You may use some of the following treatments at home to treat contact dermatitis due to nickel allergy. If these treatments don't help or the rash worsens, contact your doctor. Home remedies include the following:
- Use soothing lotions, such as calamine lotion, which may ease itching.
- Moisturize regularly. Your skin has a natural barrier that's disrupted when it reacts to nickel and other allergens. Using emollient creams or lotions, such as petroleum jelly or mineral oil, could reduce your need for topical corticosteroids.
- Apply wet compresses, which can help dry blisters and relieve itching. Soak a clean cloth in Burow's solution, an over-the-counter medication containing aluminum acetate; diluted white vinegar (1 ounce of white vinegar to 16 ounces of water); or tap water. Place the compress over the rash for 15 to 45 minutes. You can repeat this process several times a day.
- Apply over-the-counter topical corticosteroids (hydrocortisone), which may lessen itching and improve the rash. You can apply to the affected area before applying a wet compress to allow better penetration into the skin. Talk to your doctor about how long you can safely use the product.
- Try over-the-counter oral antihistamines, such as diphenhydramine (Benadryl), which may help relieve itching for a short time, but tend not to be effective for this type of allergy.
Avoid certain over-the-counter ointments, such as antibiotic creams, which may contain ingredients — particularly neomycin — that can worsen an allergic reaction.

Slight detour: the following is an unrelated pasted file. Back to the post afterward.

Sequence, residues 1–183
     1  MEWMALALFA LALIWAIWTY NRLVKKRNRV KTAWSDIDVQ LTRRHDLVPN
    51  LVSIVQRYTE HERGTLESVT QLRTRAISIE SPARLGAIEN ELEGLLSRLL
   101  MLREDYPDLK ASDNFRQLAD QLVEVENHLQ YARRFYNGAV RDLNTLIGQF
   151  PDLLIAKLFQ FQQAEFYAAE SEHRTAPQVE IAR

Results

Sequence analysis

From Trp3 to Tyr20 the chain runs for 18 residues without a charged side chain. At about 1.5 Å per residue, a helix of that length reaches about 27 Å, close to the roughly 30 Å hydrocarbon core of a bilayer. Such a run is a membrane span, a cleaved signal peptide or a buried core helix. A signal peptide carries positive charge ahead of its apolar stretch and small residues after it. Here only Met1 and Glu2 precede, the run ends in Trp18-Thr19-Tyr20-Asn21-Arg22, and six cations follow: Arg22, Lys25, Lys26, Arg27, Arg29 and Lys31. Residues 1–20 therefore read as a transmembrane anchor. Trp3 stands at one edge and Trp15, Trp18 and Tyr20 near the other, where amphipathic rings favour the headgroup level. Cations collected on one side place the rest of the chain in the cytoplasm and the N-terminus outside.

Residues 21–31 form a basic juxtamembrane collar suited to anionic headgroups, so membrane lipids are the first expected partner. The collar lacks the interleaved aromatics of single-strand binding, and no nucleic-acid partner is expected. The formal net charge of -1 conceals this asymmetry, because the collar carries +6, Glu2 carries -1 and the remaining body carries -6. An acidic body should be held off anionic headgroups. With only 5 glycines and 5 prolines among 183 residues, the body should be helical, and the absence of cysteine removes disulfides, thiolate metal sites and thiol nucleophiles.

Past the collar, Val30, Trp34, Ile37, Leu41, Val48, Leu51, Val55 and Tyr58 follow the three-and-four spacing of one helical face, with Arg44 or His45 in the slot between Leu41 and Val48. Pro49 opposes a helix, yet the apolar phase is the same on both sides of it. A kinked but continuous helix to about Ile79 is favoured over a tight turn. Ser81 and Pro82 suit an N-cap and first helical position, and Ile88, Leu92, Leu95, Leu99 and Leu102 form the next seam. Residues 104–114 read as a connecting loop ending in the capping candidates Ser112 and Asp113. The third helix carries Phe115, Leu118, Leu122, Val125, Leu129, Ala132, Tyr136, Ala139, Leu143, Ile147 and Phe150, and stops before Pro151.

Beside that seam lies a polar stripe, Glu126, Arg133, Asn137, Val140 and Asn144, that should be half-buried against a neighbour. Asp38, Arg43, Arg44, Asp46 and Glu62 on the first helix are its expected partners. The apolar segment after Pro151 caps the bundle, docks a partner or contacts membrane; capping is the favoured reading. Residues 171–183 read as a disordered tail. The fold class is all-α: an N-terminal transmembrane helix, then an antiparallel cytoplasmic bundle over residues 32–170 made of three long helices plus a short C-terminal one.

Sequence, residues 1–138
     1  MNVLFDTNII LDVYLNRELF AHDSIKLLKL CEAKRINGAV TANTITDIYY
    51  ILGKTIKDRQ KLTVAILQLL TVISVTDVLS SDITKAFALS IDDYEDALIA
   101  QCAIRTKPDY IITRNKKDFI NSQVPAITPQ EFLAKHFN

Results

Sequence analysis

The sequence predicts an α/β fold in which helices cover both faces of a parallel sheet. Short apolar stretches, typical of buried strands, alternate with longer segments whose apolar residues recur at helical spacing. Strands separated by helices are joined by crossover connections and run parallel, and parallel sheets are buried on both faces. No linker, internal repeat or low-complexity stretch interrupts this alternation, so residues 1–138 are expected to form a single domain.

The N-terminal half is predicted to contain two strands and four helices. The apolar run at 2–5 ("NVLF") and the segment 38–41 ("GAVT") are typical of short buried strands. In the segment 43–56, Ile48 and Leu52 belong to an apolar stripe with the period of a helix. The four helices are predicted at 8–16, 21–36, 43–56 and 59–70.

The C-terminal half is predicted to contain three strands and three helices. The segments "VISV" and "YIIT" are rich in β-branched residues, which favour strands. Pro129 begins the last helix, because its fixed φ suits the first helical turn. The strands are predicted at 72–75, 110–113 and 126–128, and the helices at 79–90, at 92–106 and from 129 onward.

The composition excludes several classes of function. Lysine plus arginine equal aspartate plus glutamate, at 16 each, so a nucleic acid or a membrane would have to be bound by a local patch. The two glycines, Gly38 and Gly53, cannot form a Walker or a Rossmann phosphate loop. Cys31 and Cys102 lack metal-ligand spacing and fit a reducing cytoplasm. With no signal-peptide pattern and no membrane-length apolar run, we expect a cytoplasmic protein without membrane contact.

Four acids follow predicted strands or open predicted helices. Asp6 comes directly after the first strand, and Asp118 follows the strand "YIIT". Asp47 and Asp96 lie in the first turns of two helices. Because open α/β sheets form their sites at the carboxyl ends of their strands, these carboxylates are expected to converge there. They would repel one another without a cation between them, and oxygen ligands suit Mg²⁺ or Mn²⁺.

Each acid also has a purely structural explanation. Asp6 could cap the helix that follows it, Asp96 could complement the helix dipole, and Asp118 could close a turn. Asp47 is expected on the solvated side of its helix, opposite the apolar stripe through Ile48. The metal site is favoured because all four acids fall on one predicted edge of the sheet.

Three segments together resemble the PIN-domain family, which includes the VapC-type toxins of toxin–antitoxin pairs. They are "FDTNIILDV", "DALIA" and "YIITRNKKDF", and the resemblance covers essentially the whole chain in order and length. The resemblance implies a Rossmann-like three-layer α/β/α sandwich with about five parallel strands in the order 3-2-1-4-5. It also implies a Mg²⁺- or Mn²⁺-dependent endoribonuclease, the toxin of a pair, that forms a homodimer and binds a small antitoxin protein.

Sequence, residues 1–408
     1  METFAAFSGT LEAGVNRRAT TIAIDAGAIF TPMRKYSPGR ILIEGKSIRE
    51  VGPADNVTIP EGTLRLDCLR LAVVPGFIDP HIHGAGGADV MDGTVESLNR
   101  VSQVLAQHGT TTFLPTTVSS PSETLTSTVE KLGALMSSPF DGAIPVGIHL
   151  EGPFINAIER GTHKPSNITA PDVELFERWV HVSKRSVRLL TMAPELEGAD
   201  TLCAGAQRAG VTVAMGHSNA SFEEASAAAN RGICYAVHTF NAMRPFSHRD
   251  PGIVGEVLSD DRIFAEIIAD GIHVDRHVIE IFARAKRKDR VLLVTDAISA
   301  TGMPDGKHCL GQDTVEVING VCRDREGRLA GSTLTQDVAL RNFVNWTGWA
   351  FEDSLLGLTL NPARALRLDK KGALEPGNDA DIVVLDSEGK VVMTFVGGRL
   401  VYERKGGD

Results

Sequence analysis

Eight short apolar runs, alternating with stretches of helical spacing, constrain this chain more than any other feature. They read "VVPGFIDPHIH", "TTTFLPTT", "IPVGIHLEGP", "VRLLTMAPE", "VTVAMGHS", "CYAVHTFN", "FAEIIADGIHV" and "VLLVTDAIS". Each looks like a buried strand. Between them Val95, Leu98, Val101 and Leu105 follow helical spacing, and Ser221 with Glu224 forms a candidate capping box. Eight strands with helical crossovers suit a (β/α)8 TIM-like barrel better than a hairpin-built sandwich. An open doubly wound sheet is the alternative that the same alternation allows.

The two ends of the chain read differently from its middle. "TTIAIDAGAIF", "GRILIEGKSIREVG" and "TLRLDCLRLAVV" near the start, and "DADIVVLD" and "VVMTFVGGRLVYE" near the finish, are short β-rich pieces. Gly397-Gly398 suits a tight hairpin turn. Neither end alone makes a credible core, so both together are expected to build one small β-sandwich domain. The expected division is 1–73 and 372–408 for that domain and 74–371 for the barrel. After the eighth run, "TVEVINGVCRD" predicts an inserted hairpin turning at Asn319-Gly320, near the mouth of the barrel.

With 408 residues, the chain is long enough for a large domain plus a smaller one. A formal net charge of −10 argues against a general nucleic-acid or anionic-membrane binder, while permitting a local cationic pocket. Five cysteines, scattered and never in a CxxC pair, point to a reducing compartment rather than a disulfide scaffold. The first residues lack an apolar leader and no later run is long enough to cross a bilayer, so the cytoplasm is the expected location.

Mar. 13, 2013
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- Darlenski R, et al. The many faces of nickel allergy. International Journal of Dermatology. 2012;51:523.
- Tips to remember: Allergic skin conditions. American Academy of Allergy, Asthma & Immunology. http://www.aaaai.org/patients/publicedmat/tips/allergicskinconditions.stm. Accessed Dec. 4, 2012.
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- Two cents about nickel. American Academy of Allergy, Asthma & Immunology. http://www.aaaai.org/Aaaai/media/MediaLibrary/PDF%20Documents/Libraries/EL-skin-allergies-nickel-patient.pdf. Accessed Dec. 4, 2012.
- Usatine RP, et al. Diagnosis and management of contact dermatitis. American Family Physician. 2010;82:249.
- Tattoos and body piercings. American Academy of Dermatology. http://www.aad.org/media/background/factsheets/fact_tattoos.html. Accessed Dec. 6, 2012.
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- Habif TP. Clinical Dermatology: A Color Guide to Diagnosis and Therapy. 5th ed. Edinburgh, U.K.; New York, N.Y.: Mosby Elsevier; 2010. http://www.mdconsult.com/books/about.do?about=true&eid=4-u1.0-B978-0-7234-3541-9..X0001-6--TOP&isbn=978-0-7234-3541-9&uniqId=230100505-57. Accessed Dec. 6, 2012.
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